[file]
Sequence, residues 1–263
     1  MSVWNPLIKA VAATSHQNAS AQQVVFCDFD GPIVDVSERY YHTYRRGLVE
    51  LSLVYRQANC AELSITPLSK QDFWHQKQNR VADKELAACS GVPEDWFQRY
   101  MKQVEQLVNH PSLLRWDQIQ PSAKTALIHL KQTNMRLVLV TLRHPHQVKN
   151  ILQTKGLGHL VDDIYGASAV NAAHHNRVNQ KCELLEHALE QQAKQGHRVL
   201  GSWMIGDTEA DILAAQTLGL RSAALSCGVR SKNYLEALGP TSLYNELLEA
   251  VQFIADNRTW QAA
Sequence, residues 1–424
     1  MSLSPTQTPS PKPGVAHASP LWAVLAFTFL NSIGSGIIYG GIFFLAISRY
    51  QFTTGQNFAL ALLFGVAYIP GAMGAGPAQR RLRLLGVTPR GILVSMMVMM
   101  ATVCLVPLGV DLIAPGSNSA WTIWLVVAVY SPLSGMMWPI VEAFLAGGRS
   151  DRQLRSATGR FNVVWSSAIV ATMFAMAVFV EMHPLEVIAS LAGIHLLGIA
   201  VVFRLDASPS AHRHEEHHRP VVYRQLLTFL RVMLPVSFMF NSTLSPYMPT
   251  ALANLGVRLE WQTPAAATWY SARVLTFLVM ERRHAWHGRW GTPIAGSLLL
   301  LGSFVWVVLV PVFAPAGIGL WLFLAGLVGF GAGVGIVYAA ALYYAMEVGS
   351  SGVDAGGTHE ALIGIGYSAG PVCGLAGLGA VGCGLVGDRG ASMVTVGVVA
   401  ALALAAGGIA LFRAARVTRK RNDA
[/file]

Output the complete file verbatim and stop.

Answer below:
Sequence, residues 1–263
     1  MSVWNPLIKA VAATSHQNAS AQQVVFCDFD GPIVDVSERY YHTYRRGLVE
    51  LSLVYRQANC AELSITPLSK QDFWHQKQNR VADKELAACS GVPEDWFQRY
   101  MKQVEQLVNH PSLLRWDQIQ PSAKTALIHL KQTNMRLVLV TLRHPHQVKN
   151  ILQTKGLGHL VDDIYGASAV NAAHHNRVNQ KCELLEHALE QQAKQGHRVL
   201  GSWMIGDTEA DILAAQTLGL RSAALSCGVR SKNYLEALGP TSLYNELLEA
   251  VQFIADNRTW QAA
Sequence, residues 1–424
     1  MSLSPTQTPS PKPGVAHASP LWAVLAFTFL NSIGSGIIYG GIFFLAISRY
    51  QFTTGQNFAL ALLFGVAYIP GAMGAGPAQR RLRLLGVTPR GILVSMMVMM
   101  ATVCLVPLGV DLIAPGSNSA WTIWLVVAVY SPLSGMMWPI VEAFLAGGRS
   151  DRQLRSATGR FNVVWSSAIV ATMFAMAVFV EMHPLEVIAS LAGIHLLGIA
   201  VVFRLDASPS AHRHEEHHRP VVYRQLLTFL RVMLPVSFMF NSTLSPYMPT
   251  ALANLGVRLE WQTPAAATWY SARVLTFLVM ERRHAWHGRW GTPIAGSLLL
   301  LGSFVWVVLV PVFAPAGIGL WLFLAGLVGF GAGVGIVYAA ALYYAMEVGS
   351  SGVDAGGTHE ALIGIGYSAG PVCGLAGLGA VGCGLVGDRG ASMVTVGVVA
   401  ALALAAGGIA LFRAARVTRK RNDA